Contrary to this message being delivered by Aboriginal and Torres Strait Islander communities and spokespeople – as well as national and international child development experts, various government and non-government policy experts, and being reinforced in international human rights norms – federal, state and territory governments have consistently disempowered Aboriginal and Torres Strait Islander communities and attempted to mainstream and minimise those services.
If Aboriginal and Torres Strait Islander communities are not enabled and empowered to achieve community and family health and wellbeing then all other measures to address the over-representation of Aboriginal and Torres Strait Islander children are doomed to failure.
Aboriginal and Torres Strait Islander Child Placement Principle (ATSICPP)
The ATSICPP was designed to redress the disproportionate rate of Aboriginal and Torres Strait Islander children being adopted or placed in out-of-home care with non-Indigenous carers, and to reinforce the centrality of culture in the safety and wellbeing of our children, and to increase the self-determination of Aboriginal and Torres Strait Islander peoples in child welfare. It provides a basic mechanism by which decisions about the placement of Aboriginal and Torres Strait Islander children in need of out-of-home care could be made with the family and communities to which the child belongs. The mechanism relies upon being able to seek the advice of the child’s community (however that may be represented), before determining where to place the child. For this to operate effectively, some community infrastructure is required. With the exception perhaps of the arrangements between the Victorian Government and the Victorian Aboriginal Child Care Agency (VACCA), this infrastructure does not exist at the community level where it is required, and state and territory governments have failed to support its establishment.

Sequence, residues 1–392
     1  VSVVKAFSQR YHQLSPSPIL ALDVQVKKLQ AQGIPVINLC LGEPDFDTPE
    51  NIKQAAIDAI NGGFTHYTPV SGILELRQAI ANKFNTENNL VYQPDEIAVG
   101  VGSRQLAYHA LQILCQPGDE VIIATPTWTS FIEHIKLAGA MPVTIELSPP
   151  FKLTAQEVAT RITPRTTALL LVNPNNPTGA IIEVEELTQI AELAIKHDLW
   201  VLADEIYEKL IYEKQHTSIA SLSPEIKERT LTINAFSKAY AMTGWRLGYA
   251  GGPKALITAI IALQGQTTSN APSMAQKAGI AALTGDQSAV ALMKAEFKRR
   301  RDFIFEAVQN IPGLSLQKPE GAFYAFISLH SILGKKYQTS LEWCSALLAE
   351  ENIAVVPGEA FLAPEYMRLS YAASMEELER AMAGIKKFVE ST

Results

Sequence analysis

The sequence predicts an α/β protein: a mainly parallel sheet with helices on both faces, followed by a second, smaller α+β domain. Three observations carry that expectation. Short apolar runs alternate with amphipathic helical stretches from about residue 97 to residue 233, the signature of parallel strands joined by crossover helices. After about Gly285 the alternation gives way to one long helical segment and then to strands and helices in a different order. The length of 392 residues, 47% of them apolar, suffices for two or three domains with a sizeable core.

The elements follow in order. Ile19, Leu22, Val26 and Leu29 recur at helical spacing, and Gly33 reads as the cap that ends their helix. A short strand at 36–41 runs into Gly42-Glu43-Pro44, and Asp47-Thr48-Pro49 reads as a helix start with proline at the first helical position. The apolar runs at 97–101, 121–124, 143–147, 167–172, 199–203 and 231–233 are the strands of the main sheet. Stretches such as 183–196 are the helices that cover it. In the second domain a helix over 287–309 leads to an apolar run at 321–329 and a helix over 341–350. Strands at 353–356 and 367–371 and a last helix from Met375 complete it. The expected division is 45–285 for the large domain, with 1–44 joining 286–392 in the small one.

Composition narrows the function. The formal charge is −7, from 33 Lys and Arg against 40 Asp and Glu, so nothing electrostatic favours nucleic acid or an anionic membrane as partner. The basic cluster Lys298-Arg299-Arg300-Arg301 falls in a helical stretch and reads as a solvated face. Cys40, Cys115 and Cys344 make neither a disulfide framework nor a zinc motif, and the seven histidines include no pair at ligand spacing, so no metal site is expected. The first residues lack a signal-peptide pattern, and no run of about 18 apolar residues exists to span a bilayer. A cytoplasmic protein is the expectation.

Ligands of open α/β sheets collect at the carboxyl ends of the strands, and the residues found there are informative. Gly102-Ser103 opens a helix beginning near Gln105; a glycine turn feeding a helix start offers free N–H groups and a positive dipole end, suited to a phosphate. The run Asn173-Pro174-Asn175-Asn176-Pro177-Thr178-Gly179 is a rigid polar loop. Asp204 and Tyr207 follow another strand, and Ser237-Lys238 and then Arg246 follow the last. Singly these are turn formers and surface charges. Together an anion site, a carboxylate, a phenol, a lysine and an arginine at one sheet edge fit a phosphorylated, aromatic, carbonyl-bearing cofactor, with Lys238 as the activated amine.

The failure to achieve this fundamental element of the ATSICPP allows decisions to be made on an ad hoc basis and removes any prospect of consistent and transparent process, exacerbating existing trauma.
The way forward
There are many changes that need to be made to the child protection systems in place in Australia, including many that are cost neutral and could be described as fine-tuning aspects of the systems that are operating effectively. However, the problems that have led to the huge disparity in notifications and consequential interactions with the child protection system are structural, and require structural responses.
The removal of Aboriginal and Torres Strait Islander children from their families is also political. No matter whether it is cloaked in the mantra of child safety, the impoverishment and disempowerment of Aboriginal and Torres Strait Islander people is inextricably linked to the circumstances in which our communities and children exist. Culturally appropriate solutions must be found, not the removal of our children based upon a failure to comply with the norms and values of western culture – one which has led to the impoverishment and disempowerment we now see.
Because of Them, We Must.